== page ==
India Waiting Child: 3-1/2 Year-Old, “Miranda”
“Miranda” is a beautiful 3½-year-old girl. She has minor cerebral palsy and hydrocephalus with unknown etiology operated with VP shunt and has multiple brain infarcts. She appears to be doing better and has improved since her surgery.
Although “Miranda” initially had an injury to the brain she is able to sit, walk, and speaks many words with meaning. Her adaptive hand functions are good. She eats with her own hands. Her understanding is almost age-appropriate for her age. She is a very happy and active girl who loves to smile and play with other children.
The name hydrocephalus is derived from the Greek words “hydro” meaning water and “cephalus” meaning head. So, it is a condition where there is an excessive accumulation of fluid in the brain. This “fluid” is cerebrospinal fluid (CSF) — a clear fluid that surrounds the brain and spinal cord. The pressure of the fluid against the brain tissue is what causes this disorder.
There are two types of hydrocephalus:
- Congenital: Present at birth, caused by events during fetal development, or genetic abnormalities.
- Acquired: Develops during birth or afterward. This type can affect individuals of all ages and causes may include injury or disease.
What causes Hydrocephalus?
The causes are still not well understood. Possible causes include:
- Inherited genetic abnormalities
- Developmental disorders (such as those associated with spina bifida)
- Complications of premature birth
- Traumatic head injury
What are the symptoms of Hydrocephalus?
In babies, the clear indication of this disorder is a rapid increase in head circumference or an unusually large head. (The infant skull can expand to allow for the spinal fluid because the joints that connect the skull haven’t closed yet.) They may also experience vomiting, fatigue, irritability, deviation of the eyes and seizures.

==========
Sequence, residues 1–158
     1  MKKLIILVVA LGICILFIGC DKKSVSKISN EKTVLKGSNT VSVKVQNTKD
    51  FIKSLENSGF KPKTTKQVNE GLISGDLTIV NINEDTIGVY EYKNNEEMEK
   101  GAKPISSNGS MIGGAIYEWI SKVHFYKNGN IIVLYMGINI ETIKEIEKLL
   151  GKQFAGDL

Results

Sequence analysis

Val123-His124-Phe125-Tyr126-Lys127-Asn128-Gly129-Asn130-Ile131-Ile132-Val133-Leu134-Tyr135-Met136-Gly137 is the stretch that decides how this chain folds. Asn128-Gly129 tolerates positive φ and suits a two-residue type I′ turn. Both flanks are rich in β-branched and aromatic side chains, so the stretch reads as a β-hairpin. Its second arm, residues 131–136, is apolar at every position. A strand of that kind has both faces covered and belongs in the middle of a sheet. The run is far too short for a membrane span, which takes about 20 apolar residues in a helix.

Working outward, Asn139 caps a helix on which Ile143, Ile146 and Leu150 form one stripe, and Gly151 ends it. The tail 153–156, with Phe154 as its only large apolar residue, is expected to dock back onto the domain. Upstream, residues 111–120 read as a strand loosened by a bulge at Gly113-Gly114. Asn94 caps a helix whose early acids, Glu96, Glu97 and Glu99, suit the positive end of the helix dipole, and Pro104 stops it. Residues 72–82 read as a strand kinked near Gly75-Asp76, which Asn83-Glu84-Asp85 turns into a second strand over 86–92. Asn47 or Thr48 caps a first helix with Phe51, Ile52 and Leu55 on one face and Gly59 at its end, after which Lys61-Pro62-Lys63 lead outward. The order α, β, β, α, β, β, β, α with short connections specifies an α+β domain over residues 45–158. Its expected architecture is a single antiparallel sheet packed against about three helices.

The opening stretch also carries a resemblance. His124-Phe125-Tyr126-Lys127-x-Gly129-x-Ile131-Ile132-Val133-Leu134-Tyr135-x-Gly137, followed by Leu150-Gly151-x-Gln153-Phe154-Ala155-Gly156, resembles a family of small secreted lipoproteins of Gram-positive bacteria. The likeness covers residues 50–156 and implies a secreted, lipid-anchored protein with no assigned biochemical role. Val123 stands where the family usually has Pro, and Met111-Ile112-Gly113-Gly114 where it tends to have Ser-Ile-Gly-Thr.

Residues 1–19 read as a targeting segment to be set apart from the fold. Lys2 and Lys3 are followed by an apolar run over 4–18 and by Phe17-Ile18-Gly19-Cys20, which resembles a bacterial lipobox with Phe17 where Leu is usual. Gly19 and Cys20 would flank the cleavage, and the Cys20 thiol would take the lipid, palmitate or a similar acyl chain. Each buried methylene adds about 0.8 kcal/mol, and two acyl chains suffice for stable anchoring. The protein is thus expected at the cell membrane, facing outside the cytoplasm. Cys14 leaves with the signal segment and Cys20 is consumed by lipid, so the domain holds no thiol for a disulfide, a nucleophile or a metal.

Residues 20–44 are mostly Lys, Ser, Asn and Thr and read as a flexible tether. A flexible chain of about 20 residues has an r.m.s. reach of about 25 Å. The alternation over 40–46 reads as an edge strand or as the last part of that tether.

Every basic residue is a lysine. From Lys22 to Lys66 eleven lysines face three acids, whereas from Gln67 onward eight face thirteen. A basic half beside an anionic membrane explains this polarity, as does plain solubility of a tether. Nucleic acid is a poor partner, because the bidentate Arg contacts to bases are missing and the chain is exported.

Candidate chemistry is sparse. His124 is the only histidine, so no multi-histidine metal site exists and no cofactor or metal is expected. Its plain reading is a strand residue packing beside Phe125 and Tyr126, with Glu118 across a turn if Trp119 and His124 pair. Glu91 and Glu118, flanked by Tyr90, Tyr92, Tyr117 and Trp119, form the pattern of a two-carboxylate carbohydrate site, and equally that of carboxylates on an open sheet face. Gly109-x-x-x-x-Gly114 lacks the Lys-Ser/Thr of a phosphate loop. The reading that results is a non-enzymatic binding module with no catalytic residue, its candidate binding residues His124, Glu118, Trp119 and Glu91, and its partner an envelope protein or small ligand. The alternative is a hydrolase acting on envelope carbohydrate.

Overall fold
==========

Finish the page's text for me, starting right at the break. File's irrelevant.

What are the treatment options for children with Hydrocephalus?
The most common treatment is a shunt system. The shunt is a plastic tub that is surgically inserted and diverts the flow of spinal fluid to another area of the body where it can be absorbed. But there are lots of potential complications with shunt systems (mechanical failure, infections, obstructions, over draining or underdraining.) This is one of the main reasons we are advocating for “Miranda” to be matched with a family as soon as possible, their need requires regular and consistent follow-up and there are many resources available for hydrocephalus within the United States.
What is the outlook for children with Hydrocephalus?
The most critical piece that affects the outlook for a child with this disorder is early treatment by a team of medical professionals. If this is the case, children can benefit from therapies and interventions and go on to lead lives with few limitations. But hydrocephalus can harm cognitive and physical development and left untreated, progressive hydrocephalus can be fatal.
What complicates the outlook is that many children with this disorder also have other special needs. Hydrocephalus can cause motor disabilities due to the brain damage that results.
Would you join us as we pray and advocate for “Miranda” to be matched with a forever family?
The following organization provided information for this post and offer support to children with hydrocephalus: